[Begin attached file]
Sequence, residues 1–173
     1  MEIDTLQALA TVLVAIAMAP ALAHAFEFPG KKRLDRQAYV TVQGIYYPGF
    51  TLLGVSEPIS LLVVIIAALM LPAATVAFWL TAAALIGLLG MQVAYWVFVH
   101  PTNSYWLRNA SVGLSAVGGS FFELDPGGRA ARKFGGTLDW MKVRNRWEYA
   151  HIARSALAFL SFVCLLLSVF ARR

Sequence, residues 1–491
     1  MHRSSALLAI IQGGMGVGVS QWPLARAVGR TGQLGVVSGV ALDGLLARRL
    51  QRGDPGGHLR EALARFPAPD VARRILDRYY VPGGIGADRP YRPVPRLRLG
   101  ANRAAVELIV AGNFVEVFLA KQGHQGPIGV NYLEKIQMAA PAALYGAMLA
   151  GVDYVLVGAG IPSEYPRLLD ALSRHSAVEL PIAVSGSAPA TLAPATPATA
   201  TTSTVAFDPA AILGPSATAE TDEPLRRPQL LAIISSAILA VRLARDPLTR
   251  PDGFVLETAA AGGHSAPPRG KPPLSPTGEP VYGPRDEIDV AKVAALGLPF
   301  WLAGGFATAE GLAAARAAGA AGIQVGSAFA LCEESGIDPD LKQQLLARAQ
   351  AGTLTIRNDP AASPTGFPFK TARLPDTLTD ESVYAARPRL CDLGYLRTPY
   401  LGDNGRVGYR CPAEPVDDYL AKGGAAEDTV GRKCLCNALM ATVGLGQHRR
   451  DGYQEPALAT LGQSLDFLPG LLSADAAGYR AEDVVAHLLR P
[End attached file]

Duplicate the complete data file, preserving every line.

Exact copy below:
Sequence, residues 1–173
     1  MEIDTLQALA TVLVAIAMAP ALAHAFEFPG KKRLDRQAYV TVQGIYYPGF
    51  TLLGVSEPIS LLVVIIAALM LPAATVAFWL TAAALIGLLG MQVAYWVFVH
   101  PTNSYWLRNA SVGLSAVGGS FFELDPGGRA ARKFGGTLDW MKVRNRWEYA
   151  HIARSALAFL SFVCLLLSVF ARR

Sequence, residues 1–491
     1  MHRSSALLAI IQGGMGVGVS QWPLARAVGR TGQLGVVSGV ALDGLLARRL
    51  QRGDPGGHLR EALARFPAPD VARRILDRYY VPGGIGADRP YRPVPRLRLG
   101  ANRAAVELIV AGNFVEVFLA KQGHQGPIGV NYLEKIQMAA PAALYGAMLA
   151  GVDYVLVGAG IPSEYPRLLD ALSRHSAVEL PIAVSGSAPA TLAPATPATA
   201  TTSTVAFDPA AILGPSATAE TDEPLRRPQL LAIISSAILA VRLARDPLTR
   251  PDGFVLETAA AGGHSAPPRG KPPLSPTGEP VYGPRDEIDV AKVAALGLPF
   301  WLAGGFATAE GLAAARAAGA AGIQVGSAFA LCEESGIDPD LKQQLLARAQ
   351  AGTLTIRNDP AASPTGFPFK TARLPDTLTD ESVYAARPRL CDLGYLRTPY
   401  LGDNGRVGYR CPAEPVDDYL AKGGAAEDTV GRKCLCNALM ATVGLGQHRR
   451  DGYQEPALAT LGQSLDFLPG LLSADAAGYR AEDVVAHLLR P